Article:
Top 5 Spots in Costa Rica for Ecotourism
Costa Rica is a shining example of a nation “doing it right” in terms of ecotourism and sustainable travel.
The small country has an estimated 26% of its land dedicated to wildlife reserves, nature preserves, and protected areas. Many of the tourists that arrive to the Central American nation come just for that, to participate in eco-friendly adventure activities.
While the whole of Costa Rica offers stunning landscapes, animal encounters, and adventurous activities, a few spots are even better than others.
The unique forest of Monteverde is a major draw for nature lovers from around the world. Offering protected wildlife areas, and many adventure opportunities, it’s a definite stop for animal loving adventurers.
The Monteverde cloud forest is a special protected area that also offers many activities for tourists. One of the most popular is zipping through the canopy on a thrilling zipline. Costa Rica’s high safety standards combined with pristine forests make it one of the most secure places in the world to try a zip line experience. Whizzing above and into the forest canopy offers an unparalleled perspective of the forest, and gets your adrenaline pumping at the same time.
For an equally interesting view, but a bit less heart thumping, taking a stroll on a hanging bridge allows for a slower and more thoughtful understanding of the forest. Suspended above the ground, hanging bridges place visitors at tree-top level, the perfect place to see animals like monkeys and birds that spend most of their life there.
The Bat Museum is a must-see for anyone interested in bats, or with a fear they want to cure. The museum features an artificial, indoor, fully functioning bat cave that allows travelers to get up close and see the winged creatures acting naturally.
Little La Fortuna isn’t much of a looker, but it is a major destination for the gems that sit just outside of the main town.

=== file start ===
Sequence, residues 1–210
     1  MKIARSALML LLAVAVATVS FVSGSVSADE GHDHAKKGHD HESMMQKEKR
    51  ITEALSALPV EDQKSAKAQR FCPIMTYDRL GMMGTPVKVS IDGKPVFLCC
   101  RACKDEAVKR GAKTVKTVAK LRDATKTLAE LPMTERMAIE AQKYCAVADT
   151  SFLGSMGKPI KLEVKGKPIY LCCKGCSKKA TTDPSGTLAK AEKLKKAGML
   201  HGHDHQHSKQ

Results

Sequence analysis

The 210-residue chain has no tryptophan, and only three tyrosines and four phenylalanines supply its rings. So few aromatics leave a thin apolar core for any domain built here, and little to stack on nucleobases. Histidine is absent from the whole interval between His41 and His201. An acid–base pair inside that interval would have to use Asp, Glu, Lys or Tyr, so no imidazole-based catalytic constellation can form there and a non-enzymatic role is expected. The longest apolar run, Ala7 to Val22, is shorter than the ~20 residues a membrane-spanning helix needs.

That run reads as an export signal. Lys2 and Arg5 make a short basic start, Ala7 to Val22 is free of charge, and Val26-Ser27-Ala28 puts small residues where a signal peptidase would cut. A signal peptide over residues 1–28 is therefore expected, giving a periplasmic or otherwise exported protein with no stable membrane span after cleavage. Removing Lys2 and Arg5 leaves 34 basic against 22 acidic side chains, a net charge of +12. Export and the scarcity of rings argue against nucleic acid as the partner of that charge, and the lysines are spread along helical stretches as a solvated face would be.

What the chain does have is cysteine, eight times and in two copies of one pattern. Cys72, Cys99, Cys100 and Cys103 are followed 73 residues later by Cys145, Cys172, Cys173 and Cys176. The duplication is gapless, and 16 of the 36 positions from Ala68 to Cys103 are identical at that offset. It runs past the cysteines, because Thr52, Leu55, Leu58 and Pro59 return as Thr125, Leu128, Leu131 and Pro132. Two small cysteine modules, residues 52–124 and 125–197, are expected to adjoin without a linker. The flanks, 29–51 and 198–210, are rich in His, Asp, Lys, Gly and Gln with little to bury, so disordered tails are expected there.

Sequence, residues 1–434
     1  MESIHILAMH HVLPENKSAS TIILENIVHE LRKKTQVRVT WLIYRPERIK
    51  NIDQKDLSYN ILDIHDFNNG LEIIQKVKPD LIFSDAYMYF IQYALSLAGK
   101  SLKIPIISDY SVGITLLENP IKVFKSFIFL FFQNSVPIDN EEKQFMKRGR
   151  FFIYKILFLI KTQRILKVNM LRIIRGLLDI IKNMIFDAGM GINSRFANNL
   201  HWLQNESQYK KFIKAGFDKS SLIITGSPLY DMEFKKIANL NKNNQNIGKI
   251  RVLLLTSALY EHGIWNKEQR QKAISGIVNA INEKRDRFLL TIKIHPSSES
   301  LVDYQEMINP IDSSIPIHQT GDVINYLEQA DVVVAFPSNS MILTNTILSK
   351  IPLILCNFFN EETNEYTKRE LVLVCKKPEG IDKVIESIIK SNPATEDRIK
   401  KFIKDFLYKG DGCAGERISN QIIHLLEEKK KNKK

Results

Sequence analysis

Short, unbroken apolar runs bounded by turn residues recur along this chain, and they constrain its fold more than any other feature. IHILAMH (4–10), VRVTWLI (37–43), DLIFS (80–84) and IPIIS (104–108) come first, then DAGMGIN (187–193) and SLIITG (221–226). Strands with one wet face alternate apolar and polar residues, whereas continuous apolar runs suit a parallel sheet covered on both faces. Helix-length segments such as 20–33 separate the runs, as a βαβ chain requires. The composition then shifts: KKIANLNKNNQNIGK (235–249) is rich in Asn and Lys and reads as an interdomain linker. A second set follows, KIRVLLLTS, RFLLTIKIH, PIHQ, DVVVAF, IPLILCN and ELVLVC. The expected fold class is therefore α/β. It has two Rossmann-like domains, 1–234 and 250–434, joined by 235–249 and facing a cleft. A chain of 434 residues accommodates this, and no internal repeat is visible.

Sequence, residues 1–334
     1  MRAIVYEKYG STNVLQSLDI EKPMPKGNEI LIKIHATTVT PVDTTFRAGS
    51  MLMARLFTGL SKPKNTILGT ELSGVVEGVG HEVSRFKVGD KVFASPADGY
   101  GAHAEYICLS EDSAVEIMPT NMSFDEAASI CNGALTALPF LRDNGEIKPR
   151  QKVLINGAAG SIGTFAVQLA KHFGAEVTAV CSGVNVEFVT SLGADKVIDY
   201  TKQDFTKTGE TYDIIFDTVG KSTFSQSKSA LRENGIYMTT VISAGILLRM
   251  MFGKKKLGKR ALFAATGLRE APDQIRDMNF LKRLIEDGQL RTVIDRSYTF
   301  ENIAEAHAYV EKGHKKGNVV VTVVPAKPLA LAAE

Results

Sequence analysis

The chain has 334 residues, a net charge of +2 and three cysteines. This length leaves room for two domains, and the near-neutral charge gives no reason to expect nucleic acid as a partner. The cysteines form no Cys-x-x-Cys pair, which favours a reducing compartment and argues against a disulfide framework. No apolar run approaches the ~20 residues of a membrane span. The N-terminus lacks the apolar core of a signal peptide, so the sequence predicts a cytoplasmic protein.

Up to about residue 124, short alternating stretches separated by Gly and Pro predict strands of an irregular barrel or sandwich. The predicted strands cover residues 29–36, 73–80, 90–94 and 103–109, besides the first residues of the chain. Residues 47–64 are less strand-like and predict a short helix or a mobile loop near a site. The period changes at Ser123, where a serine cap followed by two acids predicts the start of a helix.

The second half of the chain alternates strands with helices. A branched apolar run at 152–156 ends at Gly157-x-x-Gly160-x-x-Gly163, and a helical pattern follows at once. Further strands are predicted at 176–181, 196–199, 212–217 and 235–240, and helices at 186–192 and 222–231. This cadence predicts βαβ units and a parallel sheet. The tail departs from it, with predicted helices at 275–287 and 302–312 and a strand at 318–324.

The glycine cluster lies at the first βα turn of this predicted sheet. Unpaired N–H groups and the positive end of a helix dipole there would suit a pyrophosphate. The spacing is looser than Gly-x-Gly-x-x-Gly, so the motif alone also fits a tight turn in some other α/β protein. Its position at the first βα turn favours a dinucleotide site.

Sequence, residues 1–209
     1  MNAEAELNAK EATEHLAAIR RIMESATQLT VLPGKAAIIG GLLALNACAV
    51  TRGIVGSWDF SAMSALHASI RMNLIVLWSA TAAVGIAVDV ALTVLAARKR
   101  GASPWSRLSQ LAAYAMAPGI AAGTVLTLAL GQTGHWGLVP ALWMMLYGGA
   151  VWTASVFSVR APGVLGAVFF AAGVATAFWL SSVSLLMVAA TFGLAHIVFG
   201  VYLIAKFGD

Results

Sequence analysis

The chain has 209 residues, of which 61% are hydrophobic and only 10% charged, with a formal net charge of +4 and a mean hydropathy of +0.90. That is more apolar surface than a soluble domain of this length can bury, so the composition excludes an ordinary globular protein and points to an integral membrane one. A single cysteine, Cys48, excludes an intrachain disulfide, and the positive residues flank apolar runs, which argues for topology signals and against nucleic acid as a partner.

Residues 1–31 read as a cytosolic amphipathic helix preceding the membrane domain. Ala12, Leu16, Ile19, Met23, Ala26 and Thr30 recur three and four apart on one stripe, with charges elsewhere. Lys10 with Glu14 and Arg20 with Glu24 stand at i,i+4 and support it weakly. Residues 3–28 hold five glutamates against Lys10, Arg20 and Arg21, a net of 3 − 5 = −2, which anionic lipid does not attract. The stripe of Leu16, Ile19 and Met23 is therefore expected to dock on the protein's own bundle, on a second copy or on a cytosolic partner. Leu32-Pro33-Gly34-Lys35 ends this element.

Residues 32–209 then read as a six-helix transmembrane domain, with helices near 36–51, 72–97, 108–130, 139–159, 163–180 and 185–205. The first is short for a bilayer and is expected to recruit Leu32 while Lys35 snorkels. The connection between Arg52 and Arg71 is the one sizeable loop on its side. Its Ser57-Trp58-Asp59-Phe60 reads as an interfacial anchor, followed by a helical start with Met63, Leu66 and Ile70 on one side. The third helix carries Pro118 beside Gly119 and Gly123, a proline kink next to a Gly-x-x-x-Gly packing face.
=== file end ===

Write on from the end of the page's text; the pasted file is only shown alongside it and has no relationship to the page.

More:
The most famous attraction must be Arenal Volcano, a once-deadly volcano that now sits dormant since 2010. While treks can no longer go to the top of the volcano due to safety issues, responsible tours can take travelers a fair way up the side of the volcano, offering views of the peak on clear days, and a fascinating tale of the history of the volcano and its impact on the forest regardless of the clouds in the sky.
Another La Fortuna classic is its namesake waterfall. While reaching the base requires hundreds of steps down, it is totally worth it. Descending a few hundred steps may sound like plenty, coming back up makes it feel like even more. The brave and cold-resistant can take a dip in the river or waterfall pool, but even the aqua-averse will enjoy the spectacular scene.
One of the best ways to see animals is at night, when all of the nocturnal creatures come out to play. In La Fortuna, the best way to take advantage is with a night safari float. A guide and several tourists will float down in an inflatable raft in the dead of night, using only a paddle and a flashlight to traverse the waterway. Tourists are sure to spot birds, bats, monkeys, and maybe even poisonous frogs and sloths.
While Jacó is most known as a popular tourist city, and its sometimes seedy nightlife, it also offers a score of ecotourism activities.
Jacó may be most popular with surfers of all skills levels. From beginner to advanced, there is a break for everyone. While you are taking advantage of the waves, though, be sure to respect the wildlife by not disturbing coral.
Jacó is also home to another fabulous water feature – waterfalls. One particular set of waterfalls and canyons at Ocean Ranch is particularly popular for adventurous activities. Waterfall rappelling is an awesome (and exhilarating) way to experience the waterfalls, and is broken up by stretches of hiking, as well as ziplining.